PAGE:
the suzi parker files

Politics, Pop Culture and Ponderings

No Cheerleaders at Super Bowl XLV — Sad Day for Tradition

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Confession: I once owned a pair of pom-poms.

Back in the 1970s, at age 4, it seemed the right thing to ask my parents for as a gift. The fluffy red and white pom-poms were official and expensive — cheap just wouldn’t do for my nascent cheerleading career. I shook them during college football games and at least one Super Bowl.

But little girls hoping for cheering inspiration at Sunday’s Super Bowl XLV game in Dallas between the Pittsburgh Steelers and the Green Bay Packers won’t get it. For the first time in the Super Bowl’s 45-year history, there will be no cheerleaders on the sidelines.

Neither the Steelers nor the Packers have cheerleading squads. Four other NFL teams — New York Giants, Chicago Bears, Cleveland Browns and Detroit Lions — also do without. The Steelers were ahead of the pack when they decided in 1970 to abandon the Steelerettes, and in 1988, Green Bay decided their fans didn’t care too much for the Sideliners. (Maybe their name had something to do with their fate.)

Many who see cheerleading as sexist are applauding the no-cheerleader zone this weekend.

For others, cheerleading is an institution — they argue it’s a legitimate sport The long list of stars and politicians who have cheered either in high school or college includes Ann-Margaret, Halle Berry and Paula Abdul, along with presidents George W. Bush, Franklin D. Roosevelt and Dwight D. Eisenhower.

But on the professional side of sports the tradition is not as strong and male cheerleaders are practically non-existent except the Baltimore Ravens, which has the only professional co-ed team in the country. It’s the women who shimmy and shake in skimpy outfits for football and basketball teams like the Los Angeles Lakers, and are often better described as dance squad members than cheerleaders.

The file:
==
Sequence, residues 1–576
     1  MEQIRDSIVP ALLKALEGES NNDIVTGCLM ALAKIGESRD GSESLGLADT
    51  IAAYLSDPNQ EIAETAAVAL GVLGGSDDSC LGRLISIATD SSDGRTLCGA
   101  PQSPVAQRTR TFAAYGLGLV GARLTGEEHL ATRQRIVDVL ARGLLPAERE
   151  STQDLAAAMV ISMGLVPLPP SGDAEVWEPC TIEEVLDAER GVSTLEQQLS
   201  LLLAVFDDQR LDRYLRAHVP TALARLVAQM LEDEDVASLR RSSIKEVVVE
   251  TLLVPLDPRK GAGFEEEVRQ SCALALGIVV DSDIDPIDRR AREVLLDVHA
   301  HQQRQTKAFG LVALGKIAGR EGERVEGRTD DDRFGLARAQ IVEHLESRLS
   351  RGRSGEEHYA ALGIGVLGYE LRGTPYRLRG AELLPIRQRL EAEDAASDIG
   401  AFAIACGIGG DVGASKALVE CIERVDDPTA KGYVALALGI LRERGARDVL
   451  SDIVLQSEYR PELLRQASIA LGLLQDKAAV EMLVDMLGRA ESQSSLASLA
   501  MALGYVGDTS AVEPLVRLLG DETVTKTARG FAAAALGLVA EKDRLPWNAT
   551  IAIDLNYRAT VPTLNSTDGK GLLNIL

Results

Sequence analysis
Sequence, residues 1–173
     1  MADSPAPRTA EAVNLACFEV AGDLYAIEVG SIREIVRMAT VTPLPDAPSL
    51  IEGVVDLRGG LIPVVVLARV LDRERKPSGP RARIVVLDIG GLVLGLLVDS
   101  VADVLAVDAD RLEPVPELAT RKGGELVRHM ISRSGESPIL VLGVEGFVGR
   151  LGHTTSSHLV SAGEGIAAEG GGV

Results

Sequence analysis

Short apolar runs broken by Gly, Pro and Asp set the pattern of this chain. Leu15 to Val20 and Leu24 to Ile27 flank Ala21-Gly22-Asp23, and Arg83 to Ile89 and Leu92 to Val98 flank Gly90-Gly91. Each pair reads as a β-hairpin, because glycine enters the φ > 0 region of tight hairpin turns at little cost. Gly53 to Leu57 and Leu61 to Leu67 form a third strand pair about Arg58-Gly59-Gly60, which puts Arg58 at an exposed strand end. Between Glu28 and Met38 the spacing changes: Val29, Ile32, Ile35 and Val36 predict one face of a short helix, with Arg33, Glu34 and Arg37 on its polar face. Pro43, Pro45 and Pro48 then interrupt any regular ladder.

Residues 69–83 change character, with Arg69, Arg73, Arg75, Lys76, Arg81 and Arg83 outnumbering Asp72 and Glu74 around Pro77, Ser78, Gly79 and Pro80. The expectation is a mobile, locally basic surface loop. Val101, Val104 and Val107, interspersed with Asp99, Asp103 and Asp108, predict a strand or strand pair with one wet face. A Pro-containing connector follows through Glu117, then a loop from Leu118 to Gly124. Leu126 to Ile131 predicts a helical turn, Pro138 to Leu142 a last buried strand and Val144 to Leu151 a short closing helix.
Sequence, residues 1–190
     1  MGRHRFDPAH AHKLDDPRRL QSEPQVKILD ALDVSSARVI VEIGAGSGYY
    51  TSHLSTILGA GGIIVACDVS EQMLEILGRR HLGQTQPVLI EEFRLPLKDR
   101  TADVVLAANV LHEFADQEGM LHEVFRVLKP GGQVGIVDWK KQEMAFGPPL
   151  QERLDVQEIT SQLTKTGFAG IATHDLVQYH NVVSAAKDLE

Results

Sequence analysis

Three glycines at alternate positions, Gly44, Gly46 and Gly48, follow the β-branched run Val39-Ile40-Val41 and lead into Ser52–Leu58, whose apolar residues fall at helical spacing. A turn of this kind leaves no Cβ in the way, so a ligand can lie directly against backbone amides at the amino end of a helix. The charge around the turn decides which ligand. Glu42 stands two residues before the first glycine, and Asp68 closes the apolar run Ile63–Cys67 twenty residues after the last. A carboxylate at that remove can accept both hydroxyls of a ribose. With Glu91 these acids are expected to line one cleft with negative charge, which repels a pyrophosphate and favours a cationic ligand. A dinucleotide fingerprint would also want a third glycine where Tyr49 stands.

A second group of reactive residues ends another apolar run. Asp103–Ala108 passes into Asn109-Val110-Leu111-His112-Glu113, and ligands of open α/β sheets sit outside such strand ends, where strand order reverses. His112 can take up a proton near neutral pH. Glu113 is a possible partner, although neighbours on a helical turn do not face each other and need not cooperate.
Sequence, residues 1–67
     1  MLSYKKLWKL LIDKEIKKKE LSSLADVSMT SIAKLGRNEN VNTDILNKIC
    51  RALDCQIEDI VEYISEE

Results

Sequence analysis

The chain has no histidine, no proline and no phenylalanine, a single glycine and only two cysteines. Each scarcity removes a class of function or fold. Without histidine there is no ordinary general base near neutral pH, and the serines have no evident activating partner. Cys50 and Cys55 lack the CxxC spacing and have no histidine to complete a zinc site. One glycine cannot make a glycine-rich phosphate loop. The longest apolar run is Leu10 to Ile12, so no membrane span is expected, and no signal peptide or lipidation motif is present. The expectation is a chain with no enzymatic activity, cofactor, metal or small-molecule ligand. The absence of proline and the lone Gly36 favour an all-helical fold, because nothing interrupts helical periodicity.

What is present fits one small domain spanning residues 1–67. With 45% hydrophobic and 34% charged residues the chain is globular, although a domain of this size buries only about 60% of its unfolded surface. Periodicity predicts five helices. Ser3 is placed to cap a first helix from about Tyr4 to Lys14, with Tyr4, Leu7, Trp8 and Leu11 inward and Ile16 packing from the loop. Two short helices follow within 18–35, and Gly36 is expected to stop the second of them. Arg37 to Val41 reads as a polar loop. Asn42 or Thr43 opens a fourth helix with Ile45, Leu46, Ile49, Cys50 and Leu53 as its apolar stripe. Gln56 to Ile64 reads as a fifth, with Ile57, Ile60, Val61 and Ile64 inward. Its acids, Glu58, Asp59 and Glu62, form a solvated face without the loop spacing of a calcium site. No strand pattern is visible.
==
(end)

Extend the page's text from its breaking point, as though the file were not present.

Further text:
The modern version of the cheerleader began in 1971 when Dallas Cowboys owner Tex Schramm wanted stunning model-like women who could dance like Radio City Rockettes. Ta-da! The Dallas Cowboys Cheerleaders sizzled onto the football field.

As members of the National Football Association Cheerleading and the National Basketball Association Cheerleading, these women are also involved in charity work, modeling and fundraisers. They pose for calendars and posters. The try-outs are competitive and physically tough.

“In order to try out for pro cheer squads, you have to prepare yourself mentally, physically and socially. Pro cheerleading squads are looking for the best of the best,” advises the website Dancecheer.net.

Oh, and the pay? Not much. According to Dancecheer, cheerleaders may receive between $15 and $50 per game. And pro athletes? Millions.

For many cheerleaders, the reason for cheering is to launch a career in entertainment, broadcasting or modeling. Maybe if they are lucky, they can cash in like Paula Abdul.

Cheerleaders, however, have always seemed to get a raw deal at the professional sports level, even in half-time productions.

Once upon a time, Super Bowl half-time shows were almost quaint, instead of gigantic spectacles. They featured college marching bands and the innocent Up With People troupe. During the first Super Bowl between the Packers and Kansas City Chiefs in 1967, the Anaheim (Calif.) High School Drill Team performed. In 1983, the Los Angeles Super Drill Team performed. According to the event’s history, the last time any drill team performed was in 1987, when various Southern California teams were invited to the Rose Bowl in Pasadena.

The teams’ cheerleaders always stayed on the sidelines.

Will 2011 be a watershed moment for NFL cheerleaders? Will the league decide they simply don’t need any pretty girls on the sidelines cheering on their teams anymore?

The Dallas Cowboys Cheerleaders are making sure that doesn’t happen. The pop culture icons, who made many a Generation-X boy melt in their blue-and-white halter tops and hot pants, have decided to give it their all this weekend. While they won’t be inside the arena on Sunday, they are seizing the Super Bowl moment.

On Thursday, the cheerleaders were at the Super Bowl Media Center. They signed autographs and posed for pictures. According to The Kansas City Star, fans ignored baseball legend Nolan Ryan to see the Dallas Cowboys Cheerleaders — a legend in a state where the pom-pom is patented.

Some fans will send kudos to the Packers and Steelers for saying good-bye to cheerleaders years ago. But for some, pom-pom waving girls on the sidelines are as American as football itself. There’s something to be said for tradition. Just ask the Dallas Cowboys Cheerleaders.

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